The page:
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Autor: anton • June 26, 2011 • 601 Words (3 Pages) • 617 Views
Your organizationÐ²Ð‚"and you as a leaderÐ²Ð‚"need to be creative and adaptive in order to be competitive. If you have a problem to solve, you need to come up with a solution that best meets your goals and objectives. To avoid having to reinvent the wheel, you can look for ideas or best practices in many different venues.
Approaches to Benchmarking
A possible first step in identifying potential solutions is to find the best practices of those who have faced and solved a similar problem. Where do you find it? Perhaps you should model your solution on what the best among your competitors has done in a similar situation. This is called competitive benchmarking, and it reflects two problems, one obvious and one subtle. The obvious shortcoming is that competitors are not likely to share and surrender a competitive advantage. Less obvious is that if the problem is more generic than specific to your industry, you have excluded from consideration the majority of organizations, one of which might have discovered the best answer.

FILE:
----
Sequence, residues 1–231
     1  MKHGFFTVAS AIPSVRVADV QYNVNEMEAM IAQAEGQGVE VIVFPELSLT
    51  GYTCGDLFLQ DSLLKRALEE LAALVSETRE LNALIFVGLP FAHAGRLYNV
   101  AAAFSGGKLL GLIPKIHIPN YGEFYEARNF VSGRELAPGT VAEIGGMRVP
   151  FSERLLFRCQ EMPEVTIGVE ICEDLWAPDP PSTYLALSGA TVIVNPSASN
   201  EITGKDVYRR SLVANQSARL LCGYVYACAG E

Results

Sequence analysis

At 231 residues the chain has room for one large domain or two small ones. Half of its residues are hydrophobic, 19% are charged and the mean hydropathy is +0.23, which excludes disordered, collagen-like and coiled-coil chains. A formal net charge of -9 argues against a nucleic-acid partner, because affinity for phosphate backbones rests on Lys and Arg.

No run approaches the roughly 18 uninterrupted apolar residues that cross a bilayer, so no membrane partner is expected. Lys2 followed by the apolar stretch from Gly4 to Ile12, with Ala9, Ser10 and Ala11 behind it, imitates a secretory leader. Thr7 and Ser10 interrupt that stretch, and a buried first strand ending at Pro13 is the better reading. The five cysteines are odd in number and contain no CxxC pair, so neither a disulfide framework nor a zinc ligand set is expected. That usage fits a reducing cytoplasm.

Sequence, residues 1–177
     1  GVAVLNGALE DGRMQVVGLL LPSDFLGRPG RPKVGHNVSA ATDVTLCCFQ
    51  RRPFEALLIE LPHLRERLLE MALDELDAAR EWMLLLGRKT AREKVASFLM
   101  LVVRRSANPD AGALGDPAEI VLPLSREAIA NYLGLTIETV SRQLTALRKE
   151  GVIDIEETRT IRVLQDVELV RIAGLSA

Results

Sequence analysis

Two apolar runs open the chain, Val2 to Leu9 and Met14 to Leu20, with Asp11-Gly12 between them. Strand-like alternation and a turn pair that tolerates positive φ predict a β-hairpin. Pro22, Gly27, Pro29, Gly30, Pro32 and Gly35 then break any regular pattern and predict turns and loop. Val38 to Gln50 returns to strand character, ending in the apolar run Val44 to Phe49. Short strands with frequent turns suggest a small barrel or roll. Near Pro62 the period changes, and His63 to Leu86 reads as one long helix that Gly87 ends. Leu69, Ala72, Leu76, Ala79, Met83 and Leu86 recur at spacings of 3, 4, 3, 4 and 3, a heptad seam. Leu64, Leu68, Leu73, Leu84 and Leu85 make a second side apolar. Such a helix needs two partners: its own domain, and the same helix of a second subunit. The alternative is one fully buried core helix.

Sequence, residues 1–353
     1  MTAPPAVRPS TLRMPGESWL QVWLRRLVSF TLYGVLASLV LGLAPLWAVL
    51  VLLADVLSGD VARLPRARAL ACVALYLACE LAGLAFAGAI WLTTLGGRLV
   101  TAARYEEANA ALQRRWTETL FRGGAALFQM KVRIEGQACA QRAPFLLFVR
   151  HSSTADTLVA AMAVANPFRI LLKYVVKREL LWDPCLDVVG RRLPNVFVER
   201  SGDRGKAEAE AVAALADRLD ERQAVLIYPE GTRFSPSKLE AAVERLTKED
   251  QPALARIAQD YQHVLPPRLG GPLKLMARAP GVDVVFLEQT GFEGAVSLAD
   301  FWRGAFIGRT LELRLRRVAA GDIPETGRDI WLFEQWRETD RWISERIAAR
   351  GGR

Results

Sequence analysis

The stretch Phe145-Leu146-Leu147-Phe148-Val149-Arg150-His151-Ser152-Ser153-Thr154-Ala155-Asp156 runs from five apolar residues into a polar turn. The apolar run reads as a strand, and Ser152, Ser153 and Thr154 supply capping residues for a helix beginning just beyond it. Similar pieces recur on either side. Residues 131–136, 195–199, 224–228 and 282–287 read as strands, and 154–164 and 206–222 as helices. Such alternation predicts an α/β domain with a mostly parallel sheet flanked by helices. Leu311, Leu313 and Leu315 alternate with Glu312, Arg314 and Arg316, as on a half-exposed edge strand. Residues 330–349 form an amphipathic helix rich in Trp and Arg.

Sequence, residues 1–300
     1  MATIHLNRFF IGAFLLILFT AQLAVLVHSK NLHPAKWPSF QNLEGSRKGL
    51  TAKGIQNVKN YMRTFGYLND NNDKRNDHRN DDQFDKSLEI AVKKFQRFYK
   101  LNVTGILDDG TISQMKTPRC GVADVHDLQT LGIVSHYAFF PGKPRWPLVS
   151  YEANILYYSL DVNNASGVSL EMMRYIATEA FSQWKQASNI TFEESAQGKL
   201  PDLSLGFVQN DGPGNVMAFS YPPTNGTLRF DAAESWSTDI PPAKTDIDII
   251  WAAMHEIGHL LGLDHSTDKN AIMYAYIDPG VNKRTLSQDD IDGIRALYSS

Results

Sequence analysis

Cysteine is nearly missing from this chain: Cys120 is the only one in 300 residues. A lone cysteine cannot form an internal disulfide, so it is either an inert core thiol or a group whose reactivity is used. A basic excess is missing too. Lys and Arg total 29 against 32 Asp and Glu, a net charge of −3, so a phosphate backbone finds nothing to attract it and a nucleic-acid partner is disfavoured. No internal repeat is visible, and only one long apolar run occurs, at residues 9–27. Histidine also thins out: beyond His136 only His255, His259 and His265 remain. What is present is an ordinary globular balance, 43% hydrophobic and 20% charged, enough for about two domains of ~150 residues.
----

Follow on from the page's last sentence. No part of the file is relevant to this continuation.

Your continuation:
Finding the Unexpected (Toyota)
Looking beyond your own industry for the best practice is called generic benchmarking. Generic benchmarking can be done in a number of very different ways. You can look for a single company that is known for having the best practice in the area you are addressing. You may want to look at Southwest for operational effectiveness while providing high quality service, or Coca Cola for brand recognition, or Pfizer for effective mergers and acquisitions. In generic benchmarking, you may want to go beyond looking at one company. For example, you can look for the combination of best practices for an area such as outsourcing by finding thought leaders who have done research on many different outsourcing companies and have compiled the entire set of best practices by looking at a number of companies. For example, you might find research-based articles on the best approaches to strategic outsourcing from developing the strategy to implementation. These might be found in journals from universities (e.g., Harvard Business Review or the Sloane Review); in publications from consulting companies (e.g., The McKinsey Quarterly); or in professional journals in functional